• U.S. bankruptcy courts recorded 722 corporations filing for chapter 11 protection in May
  • The number of corporate bankruptcies recorded in May was the highest since May 2011
  • Retailers and energy firms have been particularly savaged by the ongoing covid-19 calamity

An increasing number of U.S. companies have filed for bankruptcy amid the devastation brought on by the covid-19 pandemic and related lockdown.

Epiq Global, a legal services firm, reported that U.S. bankruptcy courts recorded 722 corporations across the country filing for chapter 11 protection in May, a 48% surge from May 2019, and a 28% jump from April 2020.

The number of corporate bankruptcies recorded in May was the highest since May 2011.

Some of the more prominent bankruptcies included retailers J.C. Penney, Neiman Marcus and J.Crew, as well as the U.S. unit of Le Pain Quotidien, Gold’s Gym and drug-maker Akorn.

Bloomberg reported that in May 27 companies with at least $50 million in liabilities sought court protection from creditors – the highest number since May 2009, when 29 such companies filed for bankruptcy.

"This is a sign that already weak companies are succumbing to the lockdown recession," said Chris Kuehl, an economist with the National Association of Credit Management, which tracks bankruptcies.

Companies that were struggling prior the pandemic "are starting to get in some real trouble," he added.

Retailers have been particularly savaged by the ongoing covid-19 calamity.

Retail landlords have been sending out thousands of default notices to tenants – particularly restaurants, department stores, apparel firms and specialty chains -- some of whom have not paid their rents in three months, due to business shutdowns and a collapse foot traffic and sales.

In some cases, landlords have locked up retail stores and cancelled leases.

"The default letters from landlords are flying out the door," said Andy Graiser, co-president of commercial real estate company, A&G Real Estate Partners. "It’s creating a real fear in the marketplace."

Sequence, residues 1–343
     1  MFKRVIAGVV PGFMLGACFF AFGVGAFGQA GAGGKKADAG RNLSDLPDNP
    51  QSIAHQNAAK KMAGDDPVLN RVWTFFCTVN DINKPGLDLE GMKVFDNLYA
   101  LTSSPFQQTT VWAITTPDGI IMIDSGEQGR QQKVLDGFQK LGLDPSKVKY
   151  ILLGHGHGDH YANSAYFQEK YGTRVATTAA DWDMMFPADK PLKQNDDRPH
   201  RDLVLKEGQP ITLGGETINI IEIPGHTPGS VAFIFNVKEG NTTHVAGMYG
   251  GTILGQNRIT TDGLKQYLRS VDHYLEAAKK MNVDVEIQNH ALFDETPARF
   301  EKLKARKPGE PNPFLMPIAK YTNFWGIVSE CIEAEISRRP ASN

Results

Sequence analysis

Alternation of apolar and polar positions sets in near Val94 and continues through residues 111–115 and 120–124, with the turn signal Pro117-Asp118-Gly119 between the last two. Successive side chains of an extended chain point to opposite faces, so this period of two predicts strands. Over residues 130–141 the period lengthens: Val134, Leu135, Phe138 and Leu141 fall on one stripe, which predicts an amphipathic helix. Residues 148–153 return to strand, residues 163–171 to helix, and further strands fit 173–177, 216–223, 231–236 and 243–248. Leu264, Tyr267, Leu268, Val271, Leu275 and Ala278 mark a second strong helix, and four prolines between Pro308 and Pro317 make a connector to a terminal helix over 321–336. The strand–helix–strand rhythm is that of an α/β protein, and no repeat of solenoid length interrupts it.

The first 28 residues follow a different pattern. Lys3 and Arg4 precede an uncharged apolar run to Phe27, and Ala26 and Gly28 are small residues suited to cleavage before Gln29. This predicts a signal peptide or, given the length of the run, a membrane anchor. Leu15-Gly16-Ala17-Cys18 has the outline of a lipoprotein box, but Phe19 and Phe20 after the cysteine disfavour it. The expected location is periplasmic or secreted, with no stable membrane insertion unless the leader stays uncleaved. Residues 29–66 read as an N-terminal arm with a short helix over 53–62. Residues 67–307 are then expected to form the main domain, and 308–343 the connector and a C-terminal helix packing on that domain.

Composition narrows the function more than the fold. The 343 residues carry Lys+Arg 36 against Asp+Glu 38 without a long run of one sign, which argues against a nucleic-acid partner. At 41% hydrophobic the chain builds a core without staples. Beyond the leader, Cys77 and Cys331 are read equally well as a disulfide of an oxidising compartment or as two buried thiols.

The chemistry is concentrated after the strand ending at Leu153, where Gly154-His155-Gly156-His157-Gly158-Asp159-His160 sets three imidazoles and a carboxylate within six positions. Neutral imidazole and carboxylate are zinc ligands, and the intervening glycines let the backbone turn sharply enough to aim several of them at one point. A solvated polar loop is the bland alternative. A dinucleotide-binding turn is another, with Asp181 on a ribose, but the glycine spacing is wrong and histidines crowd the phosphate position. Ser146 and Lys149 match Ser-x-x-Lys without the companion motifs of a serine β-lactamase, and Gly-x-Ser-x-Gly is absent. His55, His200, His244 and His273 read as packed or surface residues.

CoStar Group, a commercial property industry analytics firm, estimated that about $7.4 billion in rent for April -- about 45% of the amount owed by retail tenants – has not been paid.

Deborah Williamson, a bankruptcy lawyer with Dykema Gossett PLLC, said she expects more bankruptcies in the coming months.

"Hotels are not going to bounce back quickly. You’re going to see a long-term effect on office space," she said. "The consequence of the quarantine around the world -- it’s not going to magically go away as you reopen."

Another bankruptcy lawyer James Conlan of Faegre Drinker Biddle & Reath said his firm dealt with crippled companies in various sectors, including energy, airlines, aircraft leasing, real estate, automotive supply, hospitality and retail.

"I think we’re going to see an extraordinary number of large corporate bankruptcies, not just in the U.S. but across the globe," he said.

Eventually federal relief measures, which have kept thousands of businesses afloat, will expire.

“The Cares [The Coronavirus Aid, Relief, and Economic Security] Act and other swift government measures have been successful in keeping consumers afloat during the crisis,” said Amy Quackenboss, executive director of the American Bankruptcy Institute. "As this relief runs its course, however, mounting financial challenges may result in more households and companies seeking the shelter of bankruptcy."

Melanie Cyganowski, a former bankruptcy judge now with the Otterbourg law firm of New York, concurred: "I think we’re going to continue to see [bankruptcy] filings of at least the level we’re seeing for a while.”

The energy sector has also been hit with insolvencies as oil prices collapsed.

Law firm Haynes Boone said that in April and May, 14 oil and gas firms filed for bankruptcy — compared with five over the first three months of 2020.

Among the 14 companies that have filed include such names as Diamond Offshore, Yuma Energy, Victerra Energy, Freedom Oil and Gas and Gavilan Resources.

Haynes Boone noted that oil prices in the $30 range are "not a sufficient clearing price for many heavily leveraged shale producers." The firm added: “It is reasonable to expect that a substantial number of producers will continue to seek protection from creditors in bankruptcy even if oil prices recover over the next few months."

John Mitchell, partner with the law firm Akerman LLP in Dallas, forecasts more energy sector bankruptcies through this year.

“As you can imagine, we are seeing a lot of activity, but not as much as we expect in the future,” he said.

Mitchell explained companies seeking to stay in business first tap their credit lines, then spend cash reserves or seek out forbearance loans from creditors first.

“It takes time to dry up a credit line, spend cash or for creditors’ patience to run out,” he said. “A lot of clients have reached out to me. We’ve taken a holistic approach to looking at their customer list from A to Z and evaluated the credit risk of each one. That’s a smart move: Analyze what you can do to shore up credit assurance, look at credit assurance and ask what assurances you can ask for, whether it’s contractually, or if it’s not in the contract, ask anyway.”